I didn't mean that you said it eliminated all risks. I meant that there wasn't even one risk that was eliminated (though perhaps some were reduced). Unless you're building your own computers from components that you manufactured, you're making your own operating system, you're making your own bitcoin software, and so on, you are taking on third party risk that cannot be eliminated because you're accepting and using security-critical components developed by third parties. Unless you are literally generating your key by pencil-and-paper calculation (which is not the normal way of doing things by the design of bitcoin because it raises the risks of insufficient randomness and human error), your offline wallet's key was almost surely on a computer and an operating system that might have been compromised while the key was present or the system might not have deleted it.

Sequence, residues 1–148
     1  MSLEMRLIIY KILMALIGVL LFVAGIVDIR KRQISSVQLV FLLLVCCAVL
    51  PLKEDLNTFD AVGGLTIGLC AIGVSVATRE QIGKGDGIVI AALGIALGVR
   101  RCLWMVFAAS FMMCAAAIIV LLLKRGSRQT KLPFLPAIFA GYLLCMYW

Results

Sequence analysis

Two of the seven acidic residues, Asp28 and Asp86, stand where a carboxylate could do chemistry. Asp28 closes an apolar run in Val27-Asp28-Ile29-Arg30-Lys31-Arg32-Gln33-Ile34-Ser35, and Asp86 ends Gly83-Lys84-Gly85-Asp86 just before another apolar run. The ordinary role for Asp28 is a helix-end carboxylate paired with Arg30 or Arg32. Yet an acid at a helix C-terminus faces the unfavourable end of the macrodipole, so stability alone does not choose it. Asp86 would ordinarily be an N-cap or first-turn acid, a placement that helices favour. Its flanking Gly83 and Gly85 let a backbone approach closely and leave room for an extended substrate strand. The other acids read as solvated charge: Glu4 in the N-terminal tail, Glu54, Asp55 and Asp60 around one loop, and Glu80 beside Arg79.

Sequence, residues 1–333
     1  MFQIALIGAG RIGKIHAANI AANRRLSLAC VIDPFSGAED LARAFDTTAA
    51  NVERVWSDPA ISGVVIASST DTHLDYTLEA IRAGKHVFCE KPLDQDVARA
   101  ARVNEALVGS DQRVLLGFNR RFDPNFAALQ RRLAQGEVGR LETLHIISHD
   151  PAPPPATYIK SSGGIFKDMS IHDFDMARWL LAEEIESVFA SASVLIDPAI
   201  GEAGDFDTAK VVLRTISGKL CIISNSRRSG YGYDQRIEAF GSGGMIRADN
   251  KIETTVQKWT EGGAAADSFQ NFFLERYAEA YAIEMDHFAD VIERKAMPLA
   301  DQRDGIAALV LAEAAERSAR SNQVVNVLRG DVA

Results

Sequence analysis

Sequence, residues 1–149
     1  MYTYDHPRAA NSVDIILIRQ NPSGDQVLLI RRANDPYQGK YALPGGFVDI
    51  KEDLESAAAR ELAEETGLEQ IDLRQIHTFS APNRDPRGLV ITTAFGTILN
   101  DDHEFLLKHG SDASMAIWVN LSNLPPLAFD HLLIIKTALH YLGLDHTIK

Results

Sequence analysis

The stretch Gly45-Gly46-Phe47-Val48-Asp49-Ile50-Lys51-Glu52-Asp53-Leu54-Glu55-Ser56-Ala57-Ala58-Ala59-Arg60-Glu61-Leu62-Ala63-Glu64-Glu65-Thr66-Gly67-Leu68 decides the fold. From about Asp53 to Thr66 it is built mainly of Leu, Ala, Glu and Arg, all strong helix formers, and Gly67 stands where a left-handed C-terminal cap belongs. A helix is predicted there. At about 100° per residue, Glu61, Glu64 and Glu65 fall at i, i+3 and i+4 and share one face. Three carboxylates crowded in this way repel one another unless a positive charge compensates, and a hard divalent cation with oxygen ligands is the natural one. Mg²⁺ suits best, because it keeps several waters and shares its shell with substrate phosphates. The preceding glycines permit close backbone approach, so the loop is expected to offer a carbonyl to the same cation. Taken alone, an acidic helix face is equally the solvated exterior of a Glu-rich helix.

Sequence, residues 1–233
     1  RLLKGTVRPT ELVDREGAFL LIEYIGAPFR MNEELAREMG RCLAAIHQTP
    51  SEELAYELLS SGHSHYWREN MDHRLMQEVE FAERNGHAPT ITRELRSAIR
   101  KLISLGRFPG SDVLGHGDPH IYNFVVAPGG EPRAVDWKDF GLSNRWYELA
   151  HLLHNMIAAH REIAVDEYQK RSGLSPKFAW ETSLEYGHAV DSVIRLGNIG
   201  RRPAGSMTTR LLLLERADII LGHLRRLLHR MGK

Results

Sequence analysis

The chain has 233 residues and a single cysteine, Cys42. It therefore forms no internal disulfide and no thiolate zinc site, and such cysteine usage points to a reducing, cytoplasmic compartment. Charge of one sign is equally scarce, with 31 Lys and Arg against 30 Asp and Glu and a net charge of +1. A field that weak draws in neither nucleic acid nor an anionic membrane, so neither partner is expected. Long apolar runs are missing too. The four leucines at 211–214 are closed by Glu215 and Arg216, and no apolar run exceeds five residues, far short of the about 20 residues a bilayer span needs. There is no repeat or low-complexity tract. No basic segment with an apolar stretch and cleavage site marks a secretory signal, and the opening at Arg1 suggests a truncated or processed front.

All transactions being recorded may be a feature, but it still greatly reduces the strength of your argument about spying, particularly when statistical analyses are used.
It may happen that if bitcoin changes due to legal pressure, people will move to other currencies, but there are a lot of reasons not to assume that's a sure thing. Bitcoin will already have been established and working which will reduce the drive to switch, the risk of such a thing happening again will dampen enthusiasm, the newly-explicit lack of legal legitimacy (which hampered bitcoin growth) will hamper growth, and there's a high chance that alternatives will be permanently stuck with just about only enthusiasts as users.